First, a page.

‘Fused with idealism, heritage moulded to modernity, classicism reinterpreted through originality…inspired by a search for balance and harmony in a chaotic and contradictory world’
The above verbiage is taken verbatim from the current Aer Lingus Sky Shopping magazine. It’s describing a little bottle of perfume, I should add, not a Caravaggio or Mozart’s Requiem. And there’s more. Much more.
Kate Moss presumably gets a nice royalty cheque on the mat every month for the eponymous ‘Kate‘ perfume, which is ‘feminine, sophisticated, wild and unforgettable, a mix of elegance and risqué…this first fragrance captures her seductive and sensual beauty while hinting at her edgy, sometimes wild approach to life’. So there.
Dolce & Gabanna have a parfum entitled The One, which is ‘created for the ultimate diva, it is at once tempting, modern and glamorous, embracing a touch of classicism’. Yes, more classicism. Now we know what undergraduate courses people who work in ad agencies for top international brands of perfume tend to pursue.
The home flag is flown by Inis Ór, ‘a fragrance that bursts with Spanish mountain oranges and a joyous heart of fresh green floral notes…a homecoming to love; the heart as the compass. I am alive’. Whoa there, this is still a little bottle of perfume we’re talking about, right?
Men shouldn’t feel too left out either. One is ‘about living your most intense desires, free of limits. It is a passion that stops at nothing. The addictive fragrance of Euphoria Men blends crisp, modern freshness with a sexy rich signature. Indeed.
It that doesn’t float your male boat, try Fleur du Male (seriously) from Jean Paul Gaultier. It is apparently ‘an unexpected blend of freshness and extreme sensuality. An ultra-virile torso-shaped bottle in dense dazzling white’.
Taken in isolation, these all sound like the usual advertising nonsense. When you find them all jammed in to the one publication, with page after page of these very strangely worded messages, you do begin to wonder: is there something more going on here?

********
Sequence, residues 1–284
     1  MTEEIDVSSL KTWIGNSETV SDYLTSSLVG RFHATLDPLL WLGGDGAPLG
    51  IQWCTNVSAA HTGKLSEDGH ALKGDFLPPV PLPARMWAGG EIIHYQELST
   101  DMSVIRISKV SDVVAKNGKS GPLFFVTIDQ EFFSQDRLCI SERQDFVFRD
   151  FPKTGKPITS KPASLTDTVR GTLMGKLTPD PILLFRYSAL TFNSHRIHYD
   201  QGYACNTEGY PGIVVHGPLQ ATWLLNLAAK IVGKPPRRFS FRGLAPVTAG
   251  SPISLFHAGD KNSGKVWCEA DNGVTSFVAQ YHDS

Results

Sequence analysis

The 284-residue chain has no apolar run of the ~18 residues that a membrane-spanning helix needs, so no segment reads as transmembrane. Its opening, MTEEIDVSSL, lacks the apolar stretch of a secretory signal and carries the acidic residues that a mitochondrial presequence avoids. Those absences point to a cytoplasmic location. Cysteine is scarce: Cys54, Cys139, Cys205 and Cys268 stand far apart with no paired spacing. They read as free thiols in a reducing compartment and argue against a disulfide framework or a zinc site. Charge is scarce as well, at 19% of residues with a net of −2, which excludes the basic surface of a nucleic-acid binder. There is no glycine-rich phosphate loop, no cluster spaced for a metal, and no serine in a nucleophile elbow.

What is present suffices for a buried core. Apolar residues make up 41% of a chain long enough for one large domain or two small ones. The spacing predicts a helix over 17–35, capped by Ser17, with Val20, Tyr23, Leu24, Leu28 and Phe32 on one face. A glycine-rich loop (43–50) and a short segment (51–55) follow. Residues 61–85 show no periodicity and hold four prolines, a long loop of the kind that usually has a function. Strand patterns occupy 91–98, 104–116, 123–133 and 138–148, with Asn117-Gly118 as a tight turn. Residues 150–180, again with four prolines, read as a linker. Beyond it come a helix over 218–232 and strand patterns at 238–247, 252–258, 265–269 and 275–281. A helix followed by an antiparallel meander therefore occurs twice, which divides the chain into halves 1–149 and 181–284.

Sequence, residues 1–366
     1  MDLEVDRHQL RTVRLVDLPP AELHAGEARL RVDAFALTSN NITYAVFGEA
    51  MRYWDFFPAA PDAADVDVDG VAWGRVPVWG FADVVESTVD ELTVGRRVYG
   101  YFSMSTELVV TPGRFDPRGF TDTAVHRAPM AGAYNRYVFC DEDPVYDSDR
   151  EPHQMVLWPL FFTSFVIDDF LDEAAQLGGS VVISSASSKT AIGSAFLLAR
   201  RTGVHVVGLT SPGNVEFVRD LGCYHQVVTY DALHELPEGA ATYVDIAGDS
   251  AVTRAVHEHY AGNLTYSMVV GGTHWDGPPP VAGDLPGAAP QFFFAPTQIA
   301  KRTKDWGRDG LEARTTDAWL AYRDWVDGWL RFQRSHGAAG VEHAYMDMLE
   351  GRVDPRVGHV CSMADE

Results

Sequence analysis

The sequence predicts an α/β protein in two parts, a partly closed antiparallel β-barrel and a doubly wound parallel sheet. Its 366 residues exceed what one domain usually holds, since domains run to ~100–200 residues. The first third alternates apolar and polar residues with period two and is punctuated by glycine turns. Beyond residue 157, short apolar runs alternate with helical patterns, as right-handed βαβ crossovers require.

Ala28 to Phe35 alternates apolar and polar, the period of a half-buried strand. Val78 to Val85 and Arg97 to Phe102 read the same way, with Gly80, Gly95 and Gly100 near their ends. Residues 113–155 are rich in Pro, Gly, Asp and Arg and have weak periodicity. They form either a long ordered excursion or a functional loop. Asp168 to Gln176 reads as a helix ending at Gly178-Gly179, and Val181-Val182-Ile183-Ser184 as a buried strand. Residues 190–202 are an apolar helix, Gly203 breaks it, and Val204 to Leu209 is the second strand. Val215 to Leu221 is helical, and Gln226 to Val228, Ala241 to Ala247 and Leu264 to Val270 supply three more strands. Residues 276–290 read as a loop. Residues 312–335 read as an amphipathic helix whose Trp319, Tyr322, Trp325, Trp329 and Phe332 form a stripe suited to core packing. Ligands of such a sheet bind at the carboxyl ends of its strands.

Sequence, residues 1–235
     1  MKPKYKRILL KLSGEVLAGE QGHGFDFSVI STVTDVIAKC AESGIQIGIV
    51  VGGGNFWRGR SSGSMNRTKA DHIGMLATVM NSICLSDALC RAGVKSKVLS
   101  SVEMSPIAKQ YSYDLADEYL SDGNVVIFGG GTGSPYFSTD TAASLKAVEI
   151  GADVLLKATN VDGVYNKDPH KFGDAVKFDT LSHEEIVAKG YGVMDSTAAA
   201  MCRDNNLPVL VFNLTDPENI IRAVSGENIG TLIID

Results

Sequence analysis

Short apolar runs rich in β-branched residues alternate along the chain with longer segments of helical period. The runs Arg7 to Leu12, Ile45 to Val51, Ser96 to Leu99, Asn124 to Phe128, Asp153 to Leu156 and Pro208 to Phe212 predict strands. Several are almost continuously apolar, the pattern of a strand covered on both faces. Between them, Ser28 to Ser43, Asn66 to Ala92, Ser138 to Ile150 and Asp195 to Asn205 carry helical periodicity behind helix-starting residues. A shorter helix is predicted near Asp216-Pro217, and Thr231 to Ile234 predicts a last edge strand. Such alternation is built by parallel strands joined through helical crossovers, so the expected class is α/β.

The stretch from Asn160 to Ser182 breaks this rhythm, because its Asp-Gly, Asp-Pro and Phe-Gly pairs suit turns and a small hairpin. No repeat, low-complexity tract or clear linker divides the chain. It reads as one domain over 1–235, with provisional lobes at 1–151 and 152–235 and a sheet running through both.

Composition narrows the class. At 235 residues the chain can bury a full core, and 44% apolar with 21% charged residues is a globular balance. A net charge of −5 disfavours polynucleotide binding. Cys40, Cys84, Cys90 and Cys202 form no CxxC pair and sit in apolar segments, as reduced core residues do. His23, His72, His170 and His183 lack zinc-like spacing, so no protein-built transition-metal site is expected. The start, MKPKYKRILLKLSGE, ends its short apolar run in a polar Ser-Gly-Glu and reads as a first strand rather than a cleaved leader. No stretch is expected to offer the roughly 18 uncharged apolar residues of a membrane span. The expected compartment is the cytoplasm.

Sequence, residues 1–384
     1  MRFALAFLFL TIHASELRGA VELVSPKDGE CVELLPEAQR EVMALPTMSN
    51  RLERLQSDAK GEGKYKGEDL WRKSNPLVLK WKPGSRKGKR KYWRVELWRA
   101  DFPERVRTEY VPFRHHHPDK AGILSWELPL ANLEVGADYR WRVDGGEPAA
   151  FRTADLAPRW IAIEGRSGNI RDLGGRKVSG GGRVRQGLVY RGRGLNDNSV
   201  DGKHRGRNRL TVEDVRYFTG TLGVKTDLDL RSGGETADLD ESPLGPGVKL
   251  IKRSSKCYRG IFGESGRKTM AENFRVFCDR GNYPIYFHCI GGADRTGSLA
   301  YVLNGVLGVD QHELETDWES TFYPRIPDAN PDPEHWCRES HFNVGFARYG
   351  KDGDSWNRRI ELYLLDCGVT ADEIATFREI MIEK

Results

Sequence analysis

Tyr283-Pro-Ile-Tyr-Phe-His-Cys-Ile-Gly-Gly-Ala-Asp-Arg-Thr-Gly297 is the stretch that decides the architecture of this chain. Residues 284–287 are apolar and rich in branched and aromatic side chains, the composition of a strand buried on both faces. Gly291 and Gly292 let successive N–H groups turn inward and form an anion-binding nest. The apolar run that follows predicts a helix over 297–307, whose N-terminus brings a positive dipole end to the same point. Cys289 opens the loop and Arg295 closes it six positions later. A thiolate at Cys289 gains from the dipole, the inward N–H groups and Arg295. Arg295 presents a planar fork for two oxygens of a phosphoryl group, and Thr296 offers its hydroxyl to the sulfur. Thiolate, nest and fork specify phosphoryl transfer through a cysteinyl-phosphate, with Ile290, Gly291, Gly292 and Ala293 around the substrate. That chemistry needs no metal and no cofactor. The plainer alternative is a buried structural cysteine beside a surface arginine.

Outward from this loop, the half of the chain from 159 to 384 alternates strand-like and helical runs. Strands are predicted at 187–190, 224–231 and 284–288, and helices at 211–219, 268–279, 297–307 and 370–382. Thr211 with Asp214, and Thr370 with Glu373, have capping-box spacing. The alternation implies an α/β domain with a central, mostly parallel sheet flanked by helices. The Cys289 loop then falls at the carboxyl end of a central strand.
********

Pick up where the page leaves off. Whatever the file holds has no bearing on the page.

Paula Downey’s excellent critique of the madness of marketing in a carbon-constrained world is available on Climatechange.ie. Here’s a short extract from her piece:
‘In the early days of advertising and marketing when producers of ‘stuff’ were responding to a plethora of unmet needs, the product message was about features and function: Wow! Look what this can do for you!
Fast forward a few decades to a world of product sufficiency and oversupply and persuading people to replace stuff that’s perfectly good requires an entirely different approach: a play on emotions and human vulnerabilities. Product as lifestyle choice; brand as community.
Without a purpose deeper than profit, agencies will have to create extreme or frivolous campaigns to be heard above the din and noise of product choice. PR firms will have to mop up the mess and business will become a collective race-to-the-bottom of no real value to society.
But in an overheating, carbon-restricted world, where the interplay of complex ecological and social forces begins to bite hard, things move in a different direction.
Suddenly products, brands and patterns of consumption are political: the energy embodied in the production process and expended in the journey door- to-door, the supply-chain story, the human communities the production process has helped or hindered. All of this is moving centre-stage’.